Regulatory Failure and the Global Financial Crisis

Regulatory Failure and the Global Financial Crisis

An Australian Perspective

Edited by Mohamed Ariff, John H. Farrar and Ahmed M. Khalid

This fascinating book presents a lively discussion of key issues resulting from the recent financial crisis. The expert contributors explore why the global financial crisis occurred, how it destroyed wealth, triggered mass unemployment and created an unprecedented loss of control on employment, monetary policy and government budgets.

Chapter 3: Exchange Rate Changes and Global Trade Imbalances: China as a Major Creditor Country

Ronald I. MacKinnon

Subjects: economics and finance, financial economics and regulation


Ronald I. MacKinnon 3.1 PRELUDE In the decade of 2000–2010, the US dollar experienced a volatile period. Up to mid-2008, the dollar depreciated significantly against most major currencies while the renminbi (RMB) or the yuan was fixed at 8.28 yuan per dollar: it has been fixed since 1995. Nevertheless, after 2000, net saving in China began to increase while net saving, both private and government, in the US declined sharply. Unsurprisingly, this led to a large bilateral trade surplus of China (and with many other countries) trading with the United States. In the United States, this saving imbalance between the two countries was misinterpreted by many economists and politicians to be the result of a misaligned exchange rate. The rhetoric was that the renminbi was undervalued and led to what was popularly called China-bashing in order to prompt Congress action to appreciate the RMB. Eventually the People’s Bank of China (PBC) gave in to American protectionist threats to impose tariffs on imports from China. In July 2005, China began to slowly appreciate the currency against the dollar at about 6 per cent per year. This oneway bet, following this policy change that the RMB will be higher in the future, led to a deluge of hot money inflows and an explosion in Chinese foreign exchange reserves resulting in inflation and a threatened loss of internal monetary control. China’s trade surplus also kept increasing at about US$800 billion a year, which added to the perception that the two issues...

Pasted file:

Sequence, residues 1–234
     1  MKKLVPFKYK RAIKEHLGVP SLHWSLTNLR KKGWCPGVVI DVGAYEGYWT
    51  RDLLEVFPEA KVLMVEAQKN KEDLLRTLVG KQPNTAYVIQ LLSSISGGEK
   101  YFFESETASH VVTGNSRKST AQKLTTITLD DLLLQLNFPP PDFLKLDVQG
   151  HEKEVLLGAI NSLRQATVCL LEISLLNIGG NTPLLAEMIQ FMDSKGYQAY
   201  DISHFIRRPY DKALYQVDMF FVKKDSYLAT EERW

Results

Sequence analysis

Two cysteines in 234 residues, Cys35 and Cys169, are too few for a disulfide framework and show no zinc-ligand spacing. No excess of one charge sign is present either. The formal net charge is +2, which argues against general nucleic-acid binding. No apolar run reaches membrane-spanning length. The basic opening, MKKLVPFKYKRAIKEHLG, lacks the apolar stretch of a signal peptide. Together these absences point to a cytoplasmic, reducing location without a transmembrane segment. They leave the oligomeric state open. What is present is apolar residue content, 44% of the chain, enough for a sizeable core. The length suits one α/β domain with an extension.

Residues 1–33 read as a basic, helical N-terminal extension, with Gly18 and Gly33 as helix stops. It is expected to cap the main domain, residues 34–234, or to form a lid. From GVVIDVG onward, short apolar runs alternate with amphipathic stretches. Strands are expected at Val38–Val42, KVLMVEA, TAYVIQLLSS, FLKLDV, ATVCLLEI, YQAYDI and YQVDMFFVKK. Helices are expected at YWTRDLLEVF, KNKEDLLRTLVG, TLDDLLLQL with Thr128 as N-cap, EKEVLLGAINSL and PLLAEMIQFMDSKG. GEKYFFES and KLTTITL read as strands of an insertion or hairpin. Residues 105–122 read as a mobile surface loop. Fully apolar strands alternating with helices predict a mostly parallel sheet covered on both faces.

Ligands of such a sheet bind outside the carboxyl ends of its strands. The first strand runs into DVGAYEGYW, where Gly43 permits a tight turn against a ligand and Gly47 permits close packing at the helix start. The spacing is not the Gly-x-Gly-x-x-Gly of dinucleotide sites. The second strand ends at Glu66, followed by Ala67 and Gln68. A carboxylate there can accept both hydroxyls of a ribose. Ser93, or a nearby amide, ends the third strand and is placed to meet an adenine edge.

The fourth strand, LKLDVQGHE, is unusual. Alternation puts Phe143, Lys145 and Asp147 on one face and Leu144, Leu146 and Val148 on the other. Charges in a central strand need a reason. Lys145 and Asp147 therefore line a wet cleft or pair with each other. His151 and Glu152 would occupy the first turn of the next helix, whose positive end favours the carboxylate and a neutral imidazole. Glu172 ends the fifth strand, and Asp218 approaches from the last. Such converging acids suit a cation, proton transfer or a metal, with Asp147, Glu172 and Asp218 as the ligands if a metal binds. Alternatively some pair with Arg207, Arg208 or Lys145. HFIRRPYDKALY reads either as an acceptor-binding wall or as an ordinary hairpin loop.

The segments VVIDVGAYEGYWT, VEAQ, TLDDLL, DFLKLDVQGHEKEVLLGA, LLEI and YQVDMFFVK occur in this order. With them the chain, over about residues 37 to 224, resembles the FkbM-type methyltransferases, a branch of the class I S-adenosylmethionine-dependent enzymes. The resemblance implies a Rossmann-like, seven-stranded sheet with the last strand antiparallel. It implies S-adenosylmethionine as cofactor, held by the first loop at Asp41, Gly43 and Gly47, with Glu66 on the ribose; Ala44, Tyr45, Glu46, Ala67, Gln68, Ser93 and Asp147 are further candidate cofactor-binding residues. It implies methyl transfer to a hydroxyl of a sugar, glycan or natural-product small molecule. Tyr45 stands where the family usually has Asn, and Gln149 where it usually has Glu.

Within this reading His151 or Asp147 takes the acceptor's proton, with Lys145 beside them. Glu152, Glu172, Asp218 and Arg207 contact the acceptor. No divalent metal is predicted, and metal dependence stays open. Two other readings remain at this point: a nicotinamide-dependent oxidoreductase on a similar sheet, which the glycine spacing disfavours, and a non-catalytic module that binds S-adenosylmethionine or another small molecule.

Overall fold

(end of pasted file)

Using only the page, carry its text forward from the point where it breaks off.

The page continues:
You are not authenticated to view the full text of this chapter or article.

Elgaronline requires a subscription or purchase to access the full text of books or journals. Please login through your library system or with your personal username and password on the homepage.

Non-subscribers can freely search the site, view abstracts/ extracts and download selected front matter and introductory chapters for personal use.

Your library may not have purchased all subject areas. If you are authenticated and think you should have access to this title, please contact your librarian.

Further information